The storied history of Olcott International has been covered in detail over the last year and a half.

As you may recall from my post “THE END OF AN ERA,” the company had its origins when the proposed merger between the British patent leader Marks & Clerk and Bernard Olcott & Associates fell apart in 1969.  The partners of the former founded Computer Patent Annuities in St. Helier, Jersey, Channel Islands. My Dad founded Olcott International in Weehawken, New Jersey.  So it was henceforth a battle of the Jerseys.  Think Bayonne versus Bermuda.  (Rodney Dangerfield once boasted of his summer house in the former).


Remember how I wrote that it was Dad’s idea that their proposed joint venture be based in the Channel Islands (to avoid Inland Revenue’s excessive tax rates in the late 1960s)?  The aforementioned partners of Marks & Clerk relocated to picturesque St. Helier setting up shop there (to reduce their tax bite).  One of the partners, Ray Chinnery, has a son my age, Martin who informed me that, thanks to my Father, he grew up in Jersey, not his native Birmingham (England, not Alabama).  Rock fever notwithstanding, Martin still lives and works there!


The events in my last post, “TWO RABBITS, ONE DEAD,” recount the events of one bleak day in January 1995.

Everyone is entitled to a bad day once in a while.  If those events of 21 years ago had represented just one isolated blip in the story of a triumphal family saga, it wouldn’t have been that big of a deal.

Sadly, it wasn’t just a one-off but was part of a frequently distressing pattern.

It didn’t start off that way, of course, when I began my career at Olcott International a different January a dozen years before that, in 1983.

As I have written in various posts like “SOMETHING ABOUT DAD, PARTS 1 AND 2” and “HEARTBREAKER,” Dad wanted me to join the family business even though various warning signs made me ambivalent toward the idea.  After all, you should always know who your business partners are.  If they’re your parents, you don’t need to do a background check to find out.

As an example, I can perform due diligence in my case by asking a few questions:


So after glory on trips away, say in London as described last week in my post “ODD THINGS ABOUT TRIPS,” what was life like back in the office in Weehawken?

The following story sums it up.

One day in January¹ 1995, my Dad and Olcott International CEO Bernard Olcott came down to the second floor, where I was working at the time and insisted to Steve², the lead computer programmer that a granted European Patent be placed in a list (actually, a test database) of payable items as an “EPO item.”  Now, please bear with me on the details that follow; they are important.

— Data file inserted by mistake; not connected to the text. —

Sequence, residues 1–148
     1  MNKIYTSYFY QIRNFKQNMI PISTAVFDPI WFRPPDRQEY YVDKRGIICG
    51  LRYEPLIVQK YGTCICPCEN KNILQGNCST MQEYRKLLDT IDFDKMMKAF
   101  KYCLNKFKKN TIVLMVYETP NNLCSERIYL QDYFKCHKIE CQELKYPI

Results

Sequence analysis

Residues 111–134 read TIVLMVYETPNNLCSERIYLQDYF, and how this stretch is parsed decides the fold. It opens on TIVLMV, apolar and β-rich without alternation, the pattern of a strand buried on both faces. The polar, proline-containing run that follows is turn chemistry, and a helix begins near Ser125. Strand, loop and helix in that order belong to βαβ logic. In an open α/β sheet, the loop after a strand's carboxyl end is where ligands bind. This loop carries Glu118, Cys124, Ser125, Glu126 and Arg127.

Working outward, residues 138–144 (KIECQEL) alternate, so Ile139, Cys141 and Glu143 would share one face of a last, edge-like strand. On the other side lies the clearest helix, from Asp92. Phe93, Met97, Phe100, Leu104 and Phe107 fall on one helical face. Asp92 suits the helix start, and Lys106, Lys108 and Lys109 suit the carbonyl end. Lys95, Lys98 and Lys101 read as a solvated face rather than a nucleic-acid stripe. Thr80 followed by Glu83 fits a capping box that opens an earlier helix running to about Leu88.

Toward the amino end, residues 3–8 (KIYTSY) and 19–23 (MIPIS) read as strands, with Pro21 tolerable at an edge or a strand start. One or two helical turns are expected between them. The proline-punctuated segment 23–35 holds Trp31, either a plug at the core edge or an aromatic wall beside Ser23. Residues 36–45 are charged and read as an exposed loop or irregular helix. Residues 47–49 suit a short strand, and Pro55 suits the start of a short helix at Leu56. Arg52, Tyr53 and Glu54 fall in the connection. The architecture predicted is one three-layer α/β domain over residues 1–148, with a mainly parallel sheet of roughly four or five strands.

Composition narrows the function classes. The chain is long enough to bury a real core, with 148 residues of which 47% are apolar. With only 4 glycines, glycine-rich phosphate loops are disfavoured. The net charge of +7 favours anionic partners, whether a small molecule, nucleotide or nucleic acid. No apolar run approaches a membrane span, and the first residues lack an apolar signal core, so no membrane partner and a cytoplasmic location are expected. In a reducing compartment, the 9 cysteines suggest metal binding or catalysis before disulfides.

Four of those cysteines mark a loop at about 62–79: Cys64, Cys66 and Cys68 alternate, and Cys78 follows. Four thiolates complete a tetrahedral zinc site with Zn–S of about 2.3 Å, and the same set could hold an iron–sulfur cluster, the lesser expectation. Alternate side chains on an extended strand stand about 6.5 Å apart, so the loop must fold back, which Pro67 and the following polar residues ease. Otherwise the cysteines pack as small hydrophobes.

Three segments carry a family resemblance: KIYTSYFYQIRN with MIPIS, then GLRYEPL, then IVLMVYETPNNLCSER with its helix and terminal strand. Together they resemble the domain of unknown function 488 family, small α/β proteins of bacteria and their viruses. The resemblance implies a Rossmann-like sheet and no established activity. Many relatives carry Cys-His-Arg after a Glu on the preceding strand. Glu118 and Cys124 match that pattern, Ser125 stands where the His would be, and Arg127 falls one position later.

The problem was, once a European patent is granted and “goes national,” it is no longer payable as an “EPO item” – it becomes payable at each national patent office, like UK, France, or Germany as a British, French, German item or patent.  Only as a pending application in the European Patent Office is it payable as an “EPO item.”

Just the kind of distinction Dad loved to make.  He prided himself immensely on his profound, perhaps photographic, recall of such details for patent renewals among countries.  After all, he wrote the book on patent renewals!

In this case, though, he was oddly off.  It was unusual, bordering on the weird.


All pictures of holes in hand, Bobby drove us back to Kansas City International Airport for our flight back to Newark.  I remember looking out the window on our descent, seeing only white.  Suddenly, below me, the New Jersey Turnpike appeared in patches out of the murk, looking cloudy, grayish, and flakey.  It was snowing, and it looked like it had been at it for a while.  We were so low over the white roadway, I thought we were going to land on it.

From brown Kansas to white New Jersey.  To be sure it had been a kind of odd-ball trip.  Going to Kansas to take pictures of holes.  More typically, my business trips back then took me to London, which was a very different kind of experience.  For one thing, England (the tourist web site has a page for “things to do on a rainy day.”) is a very “wet” country, and I developed a liking for pints hand drawn from the draught.  No need to buy a membership – everyone was a member!

This post is about England.